Music is a form of mass communication. Through its lyrics, music becomes a medium for musicians to convey their feelings, opinions, social criticisms or things that occur on a daily basis. Enau in his song entitled "Country Funny" criticizes the behavior of people who are not good. This study aims to determine the meaning and types of social criticism contained in the lyrics of the song entitled "Negara Lucu" by Enau. Focusing on finding the meaning and types of social criticism in the lyrics of the song "Negara Lucu" which only contains a message of social criticism. The theory used is the semiotic analysis of Roland Barthes with a descriptive qualitative method approach. The process of analyzing in Roland Barthes' semiotics uses the concept of two-stage significance, namely the first stage is called denotative meaning which is the most real meaning and the second stage is called connotative meaning, namely subjective meaning. There is also the concept of myth that appears at the second level of signification of connotative meaning. The components of the analysis of this research are the lyrics of the song "Negara Lucu". There are three social criticisms contained in the lyrics of "Cute Country", namely: social criticism of moral problems, social criticism of education problems and social criticism of economic problems. In social criticism of moral issues, the songwriter describes people who like to be a problem for those around them. Enau in his lyrics calls people like this with the term "parasites". Depicts people who are vying for luxury styles to get attention and praise by bothering others. In criticizing educational issues. Enau criticizes people who have education and knowledge but do not reflect educated people. On the criticism of economic problems, Enau quipped in his song to people who are lazy to get up and try to provide for themselves and their families, so that they don't become a problem for themselves or those they are responsible for.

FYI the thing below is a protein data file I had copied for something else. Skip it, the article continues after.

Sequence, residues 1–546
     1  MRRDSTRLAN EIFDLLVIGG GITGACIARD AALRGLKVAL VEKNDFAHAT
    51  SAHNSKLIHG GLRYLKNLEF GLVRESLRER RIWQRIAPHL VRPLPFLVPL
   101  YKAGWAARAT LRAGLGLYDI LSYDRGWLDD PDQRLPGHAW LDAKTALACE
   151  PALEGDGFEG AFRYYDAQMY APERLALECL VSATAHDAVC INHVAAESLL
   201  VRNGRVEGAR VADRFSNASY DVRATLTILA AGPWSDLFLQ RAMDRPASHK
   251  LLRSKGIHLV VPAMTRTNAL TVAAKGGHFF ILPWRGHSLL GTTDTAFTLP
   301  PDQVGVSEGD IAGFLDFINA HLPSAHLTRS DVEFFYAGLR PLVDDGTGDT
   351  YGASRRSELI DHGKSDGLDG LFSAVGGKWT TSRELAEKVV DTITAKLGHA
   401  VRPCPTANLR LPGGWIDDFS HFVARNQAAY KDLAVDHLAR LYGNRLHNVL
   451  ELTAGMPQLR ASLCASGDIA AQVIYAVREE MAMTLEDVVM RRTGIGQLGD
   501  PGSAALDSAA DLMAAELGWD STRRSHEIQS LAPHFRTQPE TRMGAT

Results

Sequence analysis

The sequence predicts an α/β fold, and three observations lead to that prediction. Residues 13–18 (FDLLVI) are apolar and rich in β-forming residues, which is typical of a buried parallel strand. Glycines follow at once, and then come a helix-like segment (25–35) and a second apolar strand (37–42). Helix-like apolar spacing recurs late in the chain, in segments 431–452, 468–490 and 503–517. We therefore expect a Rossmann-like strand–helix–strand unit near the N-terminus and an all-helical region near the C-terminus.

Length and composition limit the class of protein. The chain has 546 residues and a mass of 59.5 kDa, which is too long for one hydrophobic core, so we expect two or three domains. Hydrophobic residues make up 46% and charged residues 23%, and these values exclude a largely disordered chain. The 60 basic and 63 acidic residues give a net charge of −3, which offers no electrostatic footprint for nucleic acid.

Keywords: Social Criticism, Negara Lucu, Semiotics, Roland Barthes